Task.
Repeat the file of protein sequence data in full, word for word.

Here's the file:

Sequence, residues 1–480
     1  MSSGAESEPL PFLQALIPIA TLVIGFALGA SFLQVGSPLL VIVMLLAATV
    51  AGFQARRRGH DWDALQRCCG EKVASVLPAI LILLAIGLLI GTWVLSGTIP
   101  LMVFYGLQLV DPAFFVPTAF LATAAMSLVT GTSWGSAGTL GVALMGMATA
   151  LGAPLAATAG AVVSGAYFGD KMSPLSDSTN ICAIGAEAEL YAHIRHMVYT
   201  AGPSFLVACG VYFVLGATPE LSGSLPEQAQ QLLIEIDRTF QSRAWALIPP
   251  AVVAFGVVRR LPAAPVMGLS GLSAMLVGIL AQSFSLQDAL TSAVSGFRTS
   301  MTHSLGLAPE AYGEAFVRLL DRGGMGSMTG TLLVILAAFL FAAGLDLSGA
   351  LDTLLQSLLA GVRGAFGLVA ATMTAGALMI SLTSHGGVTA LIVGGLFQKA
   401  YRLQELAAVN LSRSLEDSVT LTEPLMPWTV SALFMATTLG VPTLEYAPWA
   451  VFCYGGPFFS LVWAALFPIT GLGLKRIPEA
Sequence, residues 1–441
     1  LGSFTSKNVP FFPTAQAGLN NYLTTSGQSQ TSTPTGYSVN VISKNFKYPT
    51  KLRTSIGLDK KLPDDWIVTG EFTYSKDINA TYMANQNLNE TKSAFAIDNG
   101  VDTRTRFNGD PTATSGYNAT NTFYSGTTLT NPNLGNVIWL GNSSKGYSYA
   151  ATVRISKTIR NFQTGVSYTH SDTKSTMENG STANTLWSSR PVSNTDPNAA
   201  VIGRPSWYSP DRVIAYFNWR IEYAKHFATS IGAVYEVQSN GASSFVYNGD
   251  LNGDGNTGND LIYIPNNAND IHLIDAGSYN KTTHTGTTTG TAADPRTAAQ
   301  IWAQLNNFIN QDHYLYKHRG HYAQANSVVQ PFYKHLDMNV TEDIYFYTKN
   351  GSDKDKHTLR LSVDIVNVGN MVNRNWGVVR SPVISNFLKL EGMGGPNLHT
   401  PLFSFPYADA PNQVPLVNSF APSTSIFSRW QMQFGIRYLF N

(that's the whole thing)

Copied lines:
Sequence, residues 1–480
     1  MSSGAESEPL PFLQALIPIA TLVIGFALGA SFLQVGSPLL VIVMLLAATV
    51  AGFQARRRGH DWDALQRCCG EKVASVLPAI LILLAIGLLI GTWVLSGTIP
   101  LMVFYGLQLV DPAFFVPTAF LATAAMSLVT GTSWGSAGTL GVALMGMATA
   151  LGAPLAATAG AVVSGAYFGD KMSPLSDSTN ICAIGAEAEL YAHIRHMVYT
   201  AGPSFLVACG VYFVLGATPE LSGSLPEQAQ QLLIEIDRTF QSRAWALIPP
   251  AVVAFGVVRR LPAAPVMGLS GLSAMLVGIL AQSFSLQDAL TSAVSGFRTS
   301  MTHSLGLAPE AYGEAFVRLL DRGGMGSMTG TLLVILAAFL FAAGLDLSGA
   351  LDTLLQSLLA GVRGAFGLVA ATMTAGALMI SLTSHGGVTA LIVGGLFQKA
   401  YRLQELAAVN LSRSLEDSVT LTEPLMPWTV SALFMATTLG VPTLEYAPWA
   451  VFCYGGPFFS LVWAALFPIT GLGLKRIPEA
Sequence, residues 1–441
     1  LGSFTSKNVP FFPTAQAGLN NYLTTSGQSQ TSTPTGYSVN VISKNFKYPT
    51  KLRTSIGLDK KLPDDWIVTG EFTYSKDINA TYMANQNLNE TKSAFAIDNG
   101  VDTRTRFNGD PTATSGYNAT NTFYSGTTLT NPNLGNVIWL GNSSKGYSYA
   151  ATVRISKTIR NFQTGVSYTH SDTKSTMENG STANTLWSSR PVSNTDPNAA
   201  VIGRPSWYSP DRVIAYFNWR IEYAKHFATS IGAVYEVQSN GASSFVYNGD
   251  LNGDGNTGND LIYIPNNAND IHLIDAGSYN KTTHTGTTTG TAADPRTAAQ
   301  IWAQLNNFIN QDHYLYKHRG HYAQANSVVQ PFYKHLDMNV TEDIYFYTKN
   351  GSDKDKHTLR LSVDIVNVGN MVNRNWGVVR SPVISNFLKL EGMGGPNLHT
   401  PLFSFPYADA PNQVPLVNSF APSTSIFSRW QMQFGIRYLF N